Christopher Menzel wrote:
> On Jun 14, 2007, at 9:57 PM, John F. Sowa wrote:
>> Kathy and Pat,
>> I agree with Pat's explanation, but I think it could be made
>> somewhat clearer by distinguishing the base domain D from
>> the domain D' of *all* relations over D for second-order logic
>> (and then a domain D'' of *all* relations over D', etc.).
>> PH> The key semantic difference between the other logics is
>>> that they all impose conditions on the domain, requiring
>>> it to contain some entities as a result of containing others.
>>> So for example, classical second-order logic semantics
>>> requires that the domain is contain all relations
>>> over the base domain.
>> I would rephrase the last sentence in the following way:
>> So for example, classical second-order logic semantics
>> starts with the given base domain D and introduces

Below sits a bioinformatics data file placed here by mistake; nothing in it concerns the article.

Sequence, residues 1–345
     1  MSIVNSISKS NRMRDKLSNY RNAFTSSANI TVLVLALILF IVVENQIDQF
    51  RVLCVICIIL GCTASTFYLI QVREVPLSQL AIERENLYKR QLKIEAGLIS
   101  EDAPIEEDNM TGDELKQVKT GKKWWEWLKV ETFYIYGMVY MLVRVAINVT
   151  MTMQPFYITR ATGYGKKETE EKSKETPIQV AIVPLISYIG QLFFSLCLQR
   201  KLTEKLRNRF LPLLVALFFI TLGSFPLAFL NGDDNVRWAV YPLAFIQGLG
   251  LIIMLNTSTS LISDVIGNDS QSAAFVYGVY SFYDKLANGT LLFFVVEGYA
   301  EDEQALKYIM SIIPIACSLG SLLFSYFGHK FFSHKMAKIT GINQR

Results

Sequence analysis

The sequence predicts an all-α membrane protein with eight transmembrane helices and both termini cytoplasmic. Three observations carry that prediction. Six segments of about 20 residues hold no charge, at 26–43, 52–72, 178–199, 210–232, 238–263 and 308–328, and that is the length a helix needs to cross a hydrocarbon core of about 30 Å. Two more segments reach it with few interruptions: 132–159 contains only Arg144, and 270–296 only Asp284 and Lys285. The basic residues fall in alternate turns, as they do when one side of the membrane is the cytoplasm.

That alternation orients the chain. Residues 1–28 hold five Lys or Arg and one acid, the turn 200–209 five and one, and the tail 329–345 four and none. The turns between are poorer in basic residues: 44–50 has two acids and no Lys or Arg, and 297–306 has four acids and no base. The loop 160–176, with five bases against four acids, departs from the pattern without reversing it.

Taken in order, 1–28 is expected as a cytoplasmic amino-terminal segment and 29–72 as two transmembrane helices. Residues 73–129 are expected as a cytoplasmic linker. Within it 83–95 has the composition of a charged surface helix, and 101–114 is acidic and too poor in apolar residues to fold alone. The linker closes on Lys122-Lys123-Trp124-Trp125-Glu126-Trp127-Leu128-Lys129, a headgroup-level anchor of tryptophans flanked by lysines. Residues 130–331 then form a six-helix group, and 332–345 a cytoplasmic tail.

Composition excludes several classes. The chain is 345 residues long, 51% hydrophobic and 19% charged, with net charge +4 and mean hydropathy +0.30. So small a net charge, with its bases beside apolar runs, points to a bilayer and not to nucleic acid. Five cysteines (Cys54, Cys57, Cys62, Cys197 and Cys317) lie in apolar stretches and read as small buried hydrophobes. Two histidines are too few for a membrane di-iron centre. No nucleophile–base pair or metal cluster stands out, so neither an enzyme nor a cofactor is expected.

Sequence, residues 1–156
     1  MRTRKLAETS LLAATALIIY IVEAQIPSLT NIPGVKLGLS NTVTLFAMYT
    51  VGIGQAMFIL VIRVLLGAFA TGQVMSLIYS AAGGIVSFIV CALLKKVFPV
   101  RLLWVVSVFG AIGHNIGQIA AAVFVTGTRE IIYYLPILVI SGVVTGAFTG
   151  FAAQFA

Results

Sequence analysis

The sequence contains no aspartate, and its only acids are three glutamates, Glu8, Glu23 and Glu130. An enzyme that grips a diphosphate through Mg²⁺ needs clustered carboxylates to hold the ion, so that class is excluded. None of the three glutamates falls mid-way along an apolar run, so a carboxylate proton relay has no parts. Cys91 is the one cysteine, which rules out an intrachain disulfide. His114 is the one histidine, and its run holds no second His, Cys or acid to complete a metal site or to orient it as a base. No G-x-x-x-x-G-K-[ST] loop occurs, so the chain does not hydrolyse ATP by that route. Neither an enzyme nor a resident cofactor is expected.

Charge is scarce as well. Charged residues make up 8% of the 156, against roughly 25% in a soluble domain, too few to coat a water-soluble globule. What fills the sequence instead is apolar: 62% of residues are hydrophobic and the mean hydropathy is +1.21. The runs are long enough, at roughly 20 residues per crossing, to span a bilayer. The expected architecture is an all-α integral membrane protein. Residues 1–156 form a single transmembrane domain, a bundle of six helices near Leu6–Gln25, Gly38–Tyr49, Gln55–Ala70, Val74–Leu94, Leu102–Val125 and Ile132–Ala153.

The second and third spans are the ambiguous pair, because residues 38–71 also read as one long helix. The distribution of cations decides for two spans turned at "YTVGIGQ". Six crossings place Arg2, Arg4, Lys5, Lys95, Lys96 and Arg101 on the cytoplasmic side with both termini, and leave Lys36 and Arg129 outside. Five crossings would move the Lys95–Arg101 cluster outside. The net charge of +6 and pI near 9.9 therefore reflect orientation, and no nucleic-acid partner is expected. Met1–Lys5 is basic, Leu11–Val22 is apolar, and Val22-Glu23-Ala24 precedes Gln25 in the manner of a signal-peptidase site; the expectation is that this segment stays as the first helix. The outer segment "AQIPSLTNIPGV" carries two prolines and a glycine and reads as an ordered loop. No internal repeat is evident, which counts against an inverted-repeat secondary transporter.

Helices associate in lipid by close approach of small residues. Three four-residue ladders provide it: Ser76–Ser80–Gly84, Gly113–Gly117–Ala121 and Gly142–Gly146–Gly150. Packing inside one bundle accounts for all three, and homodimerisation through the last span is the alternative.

>> another domain D' of *all* relations over D.
>> I just wanted to give different names D, D', D'', etc.
>> to distinguish the base domain D from any domains that
>> may be introduced by implicit assumptions.
>> CL allows the domain D to contain relations, but it doesn't
>> require D to contain *all possible* relations.
> Indeed the mathematical facts require that it *not* contain them.
> There are (as of course John and Pat know) 2^card(D) relations over
> any set (taking relations here to be sets of n-tuples). (01)
Only if n=1. (02)
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